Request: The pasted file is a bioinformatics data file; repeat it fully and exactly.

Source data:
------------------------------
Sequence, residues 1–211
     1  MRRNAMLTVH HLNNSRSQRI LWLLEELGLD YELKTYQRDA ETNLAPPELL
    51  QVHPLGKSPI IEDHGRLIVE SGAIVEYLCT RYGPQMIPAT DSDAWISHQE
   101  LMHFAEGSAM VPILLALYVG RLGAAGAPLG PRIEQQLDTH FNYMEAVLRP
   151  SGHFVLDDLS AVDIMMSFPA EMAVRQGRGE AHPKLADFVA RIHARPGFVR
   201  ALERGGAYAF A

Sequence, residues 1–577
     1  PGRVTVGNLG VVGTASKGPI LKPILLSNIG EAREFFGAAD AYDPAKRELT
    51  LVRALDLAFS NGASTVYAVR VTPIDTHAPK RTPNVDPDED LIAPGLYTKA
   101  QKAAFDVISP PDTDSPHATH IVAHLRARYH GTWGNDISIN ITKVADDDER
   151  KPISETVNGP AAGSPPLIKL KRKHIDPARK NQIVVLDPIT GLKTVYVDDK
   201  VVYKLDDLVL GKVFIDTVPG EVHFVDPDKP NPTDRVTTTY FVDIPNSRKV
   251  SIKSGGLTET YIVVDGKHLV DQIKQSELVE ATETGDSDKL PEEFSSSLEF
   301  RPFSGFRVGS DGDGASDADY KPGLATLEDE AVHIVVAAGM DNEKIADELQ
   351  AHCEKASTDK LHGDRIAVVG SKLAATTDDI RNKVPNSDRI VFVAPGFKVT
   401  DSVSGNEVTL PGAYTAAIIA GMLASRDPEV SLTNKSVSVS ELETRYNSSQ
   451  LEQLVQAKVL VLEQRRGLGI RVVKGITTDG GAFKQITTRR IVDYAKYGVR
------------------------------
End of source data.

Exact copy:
Sequence, residues 1–211
     1  MRRNAMLTVH HLNNSRSQRI LWLLEELGLD YELKTYQRDA ETNLAPPELL
    51  QVHPLGKSPI IEDHGRLIVE SGAIVEYLCT RYGPQMIPAT DSDAWISHQE
   101  LMHFAEGSAM VPILLALYVG RLGAAGAPLG PRIEQQLDTH FNYMEAVLRP
   151  SGHFVLDDLS AVDIMMSFPA EMAVRQGRGE AHPKLADFVA RIHARPGFVR
   201  ALERGGAYAF A

Sequence, residues 1–577
     1  PGRVTVGNLG VVGTASKGPI LKPILLSNIG EAREFFGAAD AYDPAKRELT
    51  LVRALDLAFS NGASTVYAVR VTPIDTHAPK RTPNVDPDED LIAPGLYTKA
   101  QKAAFDVISP PDTDSPHATH IVAHLRARYH GTWGNDISIN ITKVADDDER
   151  KPISETVNGP AAGSPPLIKL KRKHIDPARK NQIVVLDPIT GLKTVYVDDK
   201  VVYKLDDLVL GKVFIDTVPG EVHFVDPDKP NPTDRVTTTY FVDIPNSRKV
   251  SIKSGGLTET YIVVDGKHLV DQIKQSELVE ATETGDSDKL PEEFSSSLEF
   301  RPFSGFRVGS DGDGASDADY KPGLATLEDE AVHIVVAAGM DNEKIADELQ
   351  AHCEKASTDK LHGDRIAVVG SKLAATTDDI RNKVPNSDRI VFVAPGFKVT
   401  DSVSGNEVTL PGAYTAAIIA GMLASRDPEV SLTNKSVSVS ELETRYNSSQ
   451  LEQLVQAKVL VLEQRRGLGI RVVKGITTDG GAFKQITTRR IVDYAKYGVR